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January 1, 2007 at 1:47 am #946AnonymousMember
I’m an artist who makes small metal/glass items out of recycled items (aka trash art). Having been a tourist to Antarctica years back, I’d love to do some Antarctic themed pieces. So I’m hoping someone on this Board may know where I can get some good authentic Antarctic junk.
Ideal items are those that would not have made it off the continent otherwise. If you can somehow prove that it came from an area that would not have otherwise been cleaned, then that’s best.
I’m willing to pay a fair amount for the right items. I know this is a pretty vague request (sorry), but I’m hoping this might inspire some to see “art” in the common refuse around you. As someone who has waded through landfills, I know the best items are often the last things you would think of.
At any rate, please reply to email@example.com if you have any ideas for me. I’d appreciate the help.
JeffJanuary 1, 2007 at 7:17 pm #8758SciencetechKeymaster
Huh. I had to think about this one… And I have two solutions for you!
First, the problem (as I see it)…
If you were here you’d find infinite bits of junk to work with. It’s everywhere. Heck, we have whole buildings that are junk and I’m sure the NSF would absolutely love it if you’d pay to have them shipped to you, but somehow I don’t think you’re looking for broken door frames and 800-lb chunks of old metal roofs. 😉
Anything unclaimed that is small, shippable, and distinctly Antarctic-ish is usually snatched up by the people who work here as a memento, and everything else is, well, the same kind of crap you’d find at your local landfill. Eventually it is all sent back to the states by cargo vessel, and 70% or so is recycled.
Now the solutions!
1) The Auction. Every year all the Antarctic crap, er, I mean potentially salvageable goods that get shipped back to the States is sold off at auction. This can be anything from computers, ovens, trucks, and other unidentifiable doodads. There’s no tellin’ what you’ll find. And here’s the deal — it’s guaranteed to be from the Antarctic program. Even better, it’s in your neck of the woods: Port Hueneme, California. Here’s the only link I know of, the rest is up to you:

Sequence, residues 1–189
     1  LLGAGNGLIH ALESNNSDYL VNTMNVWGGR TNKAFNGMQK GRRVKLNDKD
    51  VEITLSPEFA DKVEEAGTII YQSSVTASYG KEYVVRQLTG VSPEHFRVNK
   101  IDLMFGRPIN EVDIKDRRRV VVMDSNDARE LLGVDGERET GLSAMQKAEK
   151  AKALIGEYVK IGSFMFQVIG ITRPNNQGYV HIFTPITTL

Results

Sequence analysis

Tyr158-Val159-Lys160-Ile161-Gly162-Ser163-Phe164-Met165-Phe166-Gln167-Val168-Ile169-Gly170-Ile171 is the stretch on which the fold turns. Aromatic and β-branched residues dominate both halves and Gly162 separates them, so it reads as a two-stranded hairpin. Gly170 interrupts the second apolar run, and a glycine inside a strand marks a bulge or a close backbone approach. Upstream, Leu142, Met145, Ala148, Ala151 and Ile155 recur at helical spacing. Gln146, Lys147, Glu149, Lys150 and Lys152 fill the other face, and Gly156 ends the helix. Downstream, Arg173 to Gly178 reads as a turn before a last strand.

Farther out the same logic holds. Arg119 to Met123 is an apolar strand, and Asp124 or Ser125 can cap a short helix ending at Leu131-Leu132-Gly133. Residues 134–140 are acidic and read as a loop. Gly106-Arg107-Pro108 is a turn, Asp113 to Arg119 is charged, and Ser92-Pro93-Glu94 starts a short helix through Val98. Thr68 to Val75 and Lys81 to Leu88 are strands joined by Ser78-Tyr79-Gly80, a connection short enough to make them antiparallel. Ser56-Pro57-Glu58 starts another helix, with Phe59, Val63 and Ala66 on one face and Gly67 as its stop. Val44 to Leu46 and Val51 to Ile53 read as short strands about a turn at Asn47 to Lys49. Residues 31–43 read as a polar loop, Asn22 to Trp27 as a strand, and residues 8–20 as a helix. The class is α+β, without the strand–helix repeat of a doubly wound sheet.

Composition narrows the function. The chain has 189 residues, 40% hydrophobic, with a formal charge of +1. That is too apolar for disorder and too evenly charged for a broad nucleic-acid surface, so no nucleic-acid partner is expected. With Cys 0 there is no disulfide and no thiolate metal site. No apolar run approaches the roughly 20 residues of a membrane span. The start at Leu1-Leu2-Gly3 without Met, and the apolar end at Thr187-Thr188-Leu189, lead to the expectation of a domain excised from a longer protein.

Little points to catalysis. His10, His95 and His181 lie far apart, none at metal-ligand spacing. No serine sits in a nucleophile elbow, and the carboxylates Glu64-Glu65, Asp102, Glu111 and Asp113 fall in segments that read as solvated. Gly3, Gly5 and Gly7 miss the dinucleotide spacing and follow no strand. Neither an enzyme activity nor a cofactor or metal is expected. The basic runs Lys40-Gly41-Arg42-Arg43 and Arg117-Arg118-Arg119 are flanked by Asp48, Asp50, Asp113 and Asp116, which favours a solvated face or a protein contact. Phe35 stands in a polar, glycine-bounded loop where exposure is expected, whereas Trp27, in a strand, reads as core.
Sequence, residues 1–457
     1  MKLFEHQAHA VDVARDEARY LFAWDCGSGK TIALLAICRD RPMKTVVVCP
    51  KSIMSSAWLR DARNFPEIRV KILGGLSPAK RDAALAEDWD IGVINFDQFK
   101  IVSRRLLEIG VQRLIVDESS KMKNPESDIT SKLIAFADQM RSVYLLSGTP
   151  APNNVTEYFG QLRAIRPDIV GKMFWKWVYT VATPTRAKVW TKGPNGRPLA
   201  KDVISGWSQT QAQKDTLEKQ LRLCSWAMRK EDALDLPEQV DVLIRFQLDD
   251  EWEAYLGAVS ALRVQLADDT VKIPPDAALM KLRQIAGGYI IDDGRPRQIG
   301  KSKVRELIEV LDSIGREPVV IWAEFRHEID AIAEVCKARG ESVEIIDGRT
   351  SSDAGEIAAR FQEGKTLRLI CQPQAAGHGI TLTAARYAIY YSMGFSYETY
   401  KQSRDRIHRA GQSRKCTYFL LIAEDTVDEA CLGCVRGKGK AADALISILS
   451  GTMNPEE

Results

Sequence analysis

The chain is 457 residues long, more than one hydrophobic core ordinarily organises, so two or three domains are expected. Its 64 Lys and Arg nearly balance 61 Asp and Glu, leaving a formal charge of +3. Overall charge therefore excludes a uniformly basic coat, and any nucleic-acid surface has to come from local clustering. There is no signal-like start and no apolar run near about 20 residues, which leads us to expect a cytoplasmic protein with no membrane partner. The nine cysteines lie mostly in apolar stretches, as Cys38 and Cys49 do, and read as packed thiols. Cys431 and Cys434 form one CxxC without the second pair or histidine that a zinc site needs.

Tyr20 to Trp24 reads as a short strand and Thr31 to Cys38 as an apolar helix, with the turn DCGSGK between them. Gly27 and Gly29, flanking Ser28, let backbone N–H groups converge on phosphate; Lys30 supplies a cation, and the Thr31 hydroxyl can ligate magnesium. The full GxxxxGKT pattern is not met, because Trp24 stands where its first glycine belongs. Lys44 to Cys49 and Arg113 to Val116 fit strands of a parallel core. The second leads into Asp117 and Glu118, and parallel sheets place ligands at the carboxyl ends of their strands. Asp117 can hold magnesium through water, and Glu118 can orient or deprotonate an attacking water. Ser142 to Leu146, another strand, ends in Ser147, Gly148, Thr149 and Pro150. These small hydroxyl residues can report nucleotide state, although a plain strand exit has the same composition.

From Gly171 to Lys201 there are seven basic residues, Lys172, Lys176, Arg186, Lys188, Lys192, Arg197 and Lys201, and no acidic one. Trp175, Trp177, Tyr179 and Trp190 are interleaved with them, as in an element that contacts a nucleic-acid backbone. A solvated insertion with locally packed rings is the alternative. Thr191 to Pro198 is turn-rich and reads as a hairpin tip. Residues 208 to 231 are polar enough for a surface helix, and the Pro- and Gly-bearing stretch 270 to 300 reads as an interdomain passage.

2) Are you good? Or perhaps the real question is, do you have good marketing for your art? You’ll love this… The NSF sponsors a variety of artists and writers to come down to the Ice every year and do their thing. No salary, but everything else is all-expenses-paid. You can apply online at the NSF website. This year, for instance, Palmer Station hosted an artist that makes latex casts of ice as molds for his glass art. That was cool. McMurdo hosted a loony artist who put big blue balls out on the sea ice in some sort of imitation of the celestial spheres, or something abstract like that. I guess there’s no accounting for taste; I’d like to be on the committee that decides which artists get the red carpet treatment… Anyway, I digressed. If you’re a serious artist, the NSF’s Artists and Writers Program is an option. Google for that and I’m sure you’ll get an eyeful.
gJanuary 8, 2007 at 6:19 am #8759AnonymousMember
Glenn — thanks so much for your helpful and thoughtful reply. You are indeed the King Penguin! Family needs will probably prevent me from spending a summer down there, but the auction is right up my alley. I’ll let you know if I find anything.
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